She's filming a documentary on the massive migration of Syrian refugees. But do filmmakers like Linnea Langkammer '14 contribute, in any way, to stopping the atrocities?Y
ou were heartbroken.
The image of the 5-year-old Syrian boy, having been pulled from the bombed-out rubble of his home, perched on an orange ambulance seat, his little body covered by concrete paste, his face bloodied, his floppy hair the color of pitch.
How long before you looked away from that face?
The face of war. The face of Aleppo. The face of Syria, a nation swallowing itself whole by civil war; unraveling because of Assad, because of ISIS, because of Russian and Syrian bombs dropping from the bright, blue, cloudless sky; because of Western indifference; because, well, because it’s the Middle East.
His name: Omran Daqneesh.
You saw the photo. You watched the video—Omran’s too tired, bewildered, afraid to remember how to cry.
Your stomach hurt for days. It must stop, you thought.
The violence didn’t stop. The bomb strike that left Omran literally shell-shocked killed his 10-year old brother, Ali, who died three days later. For him, the struggle is over.
It’s only the dead who have seen the end of war.
That photograph. Maybe you felt that you had to do something about the hundreds of thousands of refugees spilling out of Syria, desperate to escape to Turkey, and then to Greece aboard battered and crowded dinghies.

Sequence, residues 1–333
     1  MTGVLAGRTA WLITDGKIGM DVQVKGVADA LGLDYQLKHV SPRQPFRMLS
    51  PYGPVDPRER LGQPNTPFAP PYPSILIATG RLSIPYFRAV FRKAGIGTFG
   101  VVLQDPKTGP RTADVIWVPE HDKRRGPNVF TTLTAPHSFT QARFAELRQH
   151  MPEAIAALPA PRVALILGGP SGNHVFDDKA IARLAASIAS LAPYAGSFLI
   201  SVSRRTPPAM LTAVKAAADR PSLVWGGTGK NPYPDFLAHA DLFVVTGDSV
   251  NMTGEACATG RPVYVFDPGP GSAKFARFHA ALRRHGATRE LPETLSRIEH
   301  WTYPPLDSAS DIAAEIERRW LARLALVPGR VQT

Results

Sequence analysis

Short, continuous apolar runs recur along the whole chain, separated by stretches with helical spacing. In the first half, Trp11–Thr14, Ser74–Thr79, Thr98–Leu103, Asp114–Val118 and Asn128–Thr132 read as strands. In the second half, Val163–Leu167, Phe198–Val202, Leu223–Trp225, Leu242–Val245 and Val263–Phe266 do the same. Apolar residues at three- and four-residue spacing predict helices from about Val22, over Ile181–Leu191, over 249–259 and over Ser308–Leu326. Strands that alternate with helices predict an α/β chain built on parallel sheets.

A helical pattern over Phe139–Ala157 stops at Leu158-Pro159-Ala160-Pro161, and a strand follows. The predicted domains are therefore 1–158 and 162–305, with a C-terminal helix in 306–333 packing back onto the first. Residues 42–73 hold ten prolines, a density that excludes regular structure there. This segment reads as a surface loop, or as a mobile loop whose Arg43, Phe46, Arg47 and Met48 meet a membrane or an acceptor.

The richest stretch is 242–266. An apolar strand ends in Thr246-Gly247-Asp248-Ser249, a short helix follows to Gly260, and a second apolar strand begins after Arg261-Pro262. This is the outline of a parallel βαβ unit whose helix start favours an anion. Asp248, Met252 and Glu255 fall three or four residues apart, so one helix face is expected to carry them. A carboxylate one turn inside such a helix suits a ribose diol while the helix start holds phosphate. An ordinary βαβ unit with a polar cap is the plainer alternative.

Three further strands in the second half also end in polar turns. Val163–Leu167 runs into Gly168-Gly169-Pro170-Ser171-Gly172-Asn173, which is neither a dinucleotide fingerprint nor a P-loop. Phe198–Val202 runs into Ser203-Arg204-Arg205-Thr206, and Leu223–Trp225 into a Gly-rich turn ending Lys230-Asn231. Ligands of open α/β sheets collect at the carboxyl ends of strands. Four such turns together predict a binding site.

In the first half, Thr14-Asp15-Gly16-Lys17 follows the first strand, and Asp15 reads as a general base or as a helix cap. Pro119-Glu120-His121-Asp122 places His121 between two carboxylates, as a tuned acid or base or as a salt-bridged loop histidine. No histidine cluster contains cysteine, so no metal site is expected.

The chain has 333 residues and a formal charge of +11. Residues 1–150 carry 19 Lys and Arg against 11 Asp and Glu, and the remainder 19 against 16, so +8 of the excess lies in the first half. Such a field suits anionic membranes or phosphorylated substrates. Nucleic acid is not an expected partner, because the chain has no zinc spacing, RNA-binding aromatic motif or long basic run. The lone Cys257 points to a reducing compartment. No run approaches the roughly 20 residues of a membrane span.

All the suffering children caught up in war. We have to fix this. Stop the carnage, you thought. Or, maybe, you saw the image and just turned the page of the newspaper. Linnea Langkammer ’14 grabbed her camera, saddled up on an REI Novara bike and rode east: 6,000 km from Munich to Istanbul.
“I remember seeing the photo of the little boy in Aleppo. I also remember the image from last September, of the toddler [Aylan Kurdi] lying face down on the sandy shores after the boat taking him and his family to Kos capsized,” Langkammer says.
She is a filmmaker who felt compelled to set out on a 12-week excursion, riding through Germany, Austria, Serbia, crossing the Macedonian border town of Gevgelija into Greece, and then ferrying across the Aegean Sea to Istanbul.
She pedaled east to retrace, backwards, the route of the refugees escaping the Hobbesian state where war has led to the death of at least 470,000 Syrians, according to the Syrian Center for Policy Research. That was a February 2016 estimate. It’s now fall.